Catholic officials knowingly allowed two suspected paedophiles, including one of NSW's worst, to continue teaching unpunished, eventually putting St Edmund's College students at risk for a decade.
One cover-up involved a Marist Brothers principal in Sydney, who was aware that now-notorious child predator Brother Francis "Romuald" Cable was abusing boys, but failed to report him to police.
Cable instead went to Newcastle, where he molested another 11 children before leaving the order to teach at St Edmund's between 1979 and 1989.
Fairfax Media has also established that the Christian Brothers, who then ran St Edmund's, became aware of a complaint against one of their NSW brothers, but sent him to Canberra regardless, allowing him to allegedly abuse another boy.
The Christian Brothers concede their past handling of such cases was flawed and that "what happened 25 years ago is not what the community or we would accept today".
The Marist Brothers say the Sydney principal never reported Cable's abuse to his superiors, and that the order's leadership did not become aware of any complaint until 1993, when his teaching career was over.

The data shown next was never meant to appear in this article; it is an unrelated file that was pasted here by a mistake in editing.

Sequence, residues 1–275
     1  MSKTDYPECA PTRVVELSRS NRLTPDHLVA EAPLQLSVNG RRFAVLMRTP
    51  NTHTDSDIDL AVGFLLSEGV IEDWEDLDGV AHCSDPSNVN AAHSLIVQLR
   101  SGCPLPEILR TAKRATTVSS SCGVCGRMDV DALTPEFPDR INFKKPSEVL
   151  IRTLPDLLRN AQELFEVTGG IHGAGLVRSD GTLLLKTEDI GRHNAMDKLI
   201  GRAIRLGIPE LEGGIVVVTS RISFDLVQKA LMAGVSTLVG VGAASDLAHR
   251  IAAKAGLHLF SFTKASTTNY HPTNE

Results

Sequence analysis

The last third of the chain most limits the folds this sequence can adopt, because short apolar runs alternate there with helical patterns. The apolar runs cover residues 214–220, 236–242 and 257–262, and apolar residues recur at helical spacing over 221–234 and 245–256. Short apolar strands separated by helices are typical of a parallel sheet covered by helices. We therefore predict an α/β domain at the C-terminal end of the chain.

Cable hunted boys with an unnerving depravity and audacity before he moved to the ACT, molesting or raping at least 19 students at three Marist schools in the 1960s and 1970s.
Labelled one of NSW's worst Catholic school paedophiles, he twisted religious doctrine and used his authority to manipulate victims, many of whom were troubled or from broken families.
He molested boys in his office, on excursions, behind his desk as fellow students sat nearby, and at the local swimming pool.
"You won't say anything to anyone," he told one boy. "You are not Catholic and have the mark of the devil on you."
The same child was later beaten mid-rape to stop him screaming out in pain.